Op-Ed: DeVos is a defender of due process
On April 4, 2011, the Office of Civil Rights, under the Obama administration, released a letter called the “Dear Colleague” letter. It was sent to over 7,000 universities receiving federal funding (including NC State) and stated, in short, that universities needed to address the concern of on-campus sexual assault by adhering to a list of guidelines in order to keep receiving federal grants.
On Friday, Betsy DeVos, secretary of education for the Trump administration, announced the rollback of these guidelines. The decision, while being highly criticized as hurting sexual assault survivors, was right.
This is because the “Dear Colleague” letter, while having the best intentions, unfortunately only made the situation worse for both the accused and the accusing. To understand why, it's important to look at what the letter said and the effects it had on universities and students, including our own.
Essentially, the letter encouraged universities to independently handle sexual assault cases in a more timely and more active manner.
When a student accuses another of sexual assault on campus, according to the Washington Post the accuser can push for the accused to be punished by the school somehow (such as expulsion) rather than, or in addition to, going through the process of a criminal case. The idea behind this is that it decreases the number of unreported cases. For example, on NC State’s campus it is possible to contact the Office of Institutional Equity and Diversity to report concerns regarding sexual assault.
When this happens on our campus, because of the “Dear Colleague” guidelines, NC State usually sets up a hearings committee similar to a court hearing. They must then follow the UNC System Policy Manual to conduct the hearing.
According to the UNC System Policy Manual 700.4.1 “Minimum Substantive and Procedural Standards for Student Disciplinary Proceedings” Section VII: “Special Cases,” if a violation is also the subject of a pending criminal case (such as rape or sexual assault) “the institution must, at a minimum, allow an attorney advisor to accompany the student to the hearing.”
However, according to a RAINN study, 80 percent of college-age females don't report sexual assault cases to the police, and so no criminal investigation begins. In this case, Section VII only states that “both parties are entitled to the same opportunities to have others present during a disciplinary proceeding.”
Further, if the case is from that point on being treated as a “Serious Violation” under Section VI instead of a special case, then “Representation or assistance by attorneys or non-attorney advocates at the hearing is neither required nor encouraged” by the manual.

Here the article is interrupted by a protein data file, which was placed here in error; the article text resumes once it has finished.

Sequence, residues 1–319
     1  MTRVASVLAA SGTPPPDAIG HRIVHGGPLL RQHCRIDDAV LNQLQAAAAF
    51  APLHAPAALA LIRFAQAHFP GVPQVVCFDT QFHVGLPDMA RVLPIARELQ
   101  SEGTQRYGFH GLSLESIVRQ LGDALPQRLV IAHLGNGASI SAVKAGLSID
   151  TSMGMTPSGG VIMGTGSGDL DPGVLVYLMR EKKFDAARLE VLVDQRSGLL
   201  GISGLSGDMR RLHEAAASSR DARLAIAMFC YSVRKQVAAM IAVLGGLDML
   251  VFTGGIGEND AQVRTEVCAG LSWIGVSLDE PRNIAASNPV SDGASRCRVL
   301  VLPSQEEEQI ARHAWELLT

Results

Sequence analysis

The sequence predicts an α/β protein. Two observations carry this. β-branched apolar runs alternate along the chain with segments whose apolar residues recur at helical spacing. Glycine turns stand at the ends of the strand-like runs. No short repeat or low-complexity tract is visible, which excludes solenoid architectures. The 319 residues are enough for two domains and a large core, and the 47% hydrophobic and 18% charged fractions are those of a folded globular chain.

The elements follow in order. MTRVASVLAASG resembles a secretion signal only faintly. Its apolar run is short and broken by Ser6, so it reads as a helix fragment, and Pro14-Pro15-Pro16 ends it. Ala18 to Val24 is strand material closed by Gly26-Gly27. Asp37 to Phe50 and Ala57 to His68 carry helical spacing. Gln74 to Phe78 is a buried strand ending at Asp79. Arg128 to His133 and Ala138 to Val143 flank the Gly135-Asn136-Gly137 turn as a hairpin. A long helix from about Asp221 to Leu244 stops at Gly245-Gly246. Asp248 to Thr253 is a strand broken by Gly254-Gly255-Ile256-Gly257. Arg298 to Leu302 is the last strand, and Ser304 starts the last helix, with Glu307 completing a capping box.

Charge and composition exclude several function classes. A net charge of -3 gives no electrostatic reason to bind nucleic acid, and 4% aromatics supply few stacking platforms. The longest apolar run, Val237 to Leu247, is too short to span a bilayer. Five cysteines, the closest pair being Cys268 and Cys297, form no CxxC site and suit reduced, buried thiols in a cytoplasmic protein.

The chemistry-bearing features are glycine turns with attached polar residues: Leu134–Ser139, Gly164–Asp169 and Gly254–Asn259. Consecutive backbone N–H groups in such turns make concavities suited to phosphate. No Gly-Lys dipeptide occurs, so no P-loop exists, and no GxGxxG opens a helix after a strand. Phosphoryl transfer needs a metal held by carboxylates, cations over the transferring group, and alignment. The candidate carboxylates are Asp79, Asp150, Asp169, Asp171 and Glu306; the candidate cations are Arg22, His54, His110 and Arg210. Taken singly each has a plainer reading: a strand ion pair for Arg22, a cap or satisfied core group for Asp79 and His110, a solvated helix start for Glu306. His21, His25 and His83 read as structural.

To simplify, this means that unless the accusing pursues a criminal case (which is statistically unlikely) NC State would not be encouraged to allow attorneys for either student, leaving both students to independently make their case.
In addition, Scott Schneider, a lawyer who specializes in higher education, pointed out to the Washington Post that many schools only use one investigator who determines what questions to ask, who to ask, and often what the appropriate punishment should be; any ideological bias in this investigator can play a large role in outcome of the hearing.
In NC State’s case this seems to be accurate according to Section VI: “Serious Violations” of the UNC Systems Policy Manual 700.4.1: “A student may be accused of a violation of the code of student conduct only by a designated university official.” This means that in accordance to North Carolina law, NC State would only be allowed to designate a single official to act as an investigator for the hearing (the UNC Policy Manual uses the term “official” not “investigator”).
Lastly, one of the guidelines in the letter was to use “preponderance of evidence” as a standard of proof in cases. Preponderance of evidence is commonly referred to as “more likely than not” accurate based on evidence, but DeVos uses the term “a minimal standard of proof.” Contrary to a criminal case in which the jury is required to have no doubt of guilt, this means that only more than 50 percent certainty is required to punish a student.
Based on all of these factors, a FIRE analysis found that three-fourths of universities lacked due process in 2017. It has become such a common occurrence that often these hearings are referred to as “kangaroo courts” seeing as the verdict is predetermined and the judge jumps from one to the next.
In short, the hearings encouraged by the letter can infringe on the due process rights of both the accused and accusing by denying both the right to defend themselves or present evidence via an attorney, can be heavily impacted by only a single investigator/official, and use a standard of proof that has much lower confidence in evidence, making it much more difficult for the defendant.
The “Dear Colleague” letter didn't just hurt defendants though; it hurt survivors too. The same way that a hearing run by administration can unjustly punish a student, oftentimes it will unjustly not punish them. Those accused with ties to the administration can be let off easy, leaving their victims feeling completely helpless.
Secretary DeVos is right to roll back the guidelines that turned on-campus sexual assault cases into a dangerous scenario for everyone involved. Now that the “Dear Colleague” letter is gone, states and individual universities have much more freedom in how they handle sexual assault cases. As college students directly affected by the rollback we should push with this freedom to make sure that NC State ensures due process for any and all students accusing or accused of sexual assault, rape or any other crime.
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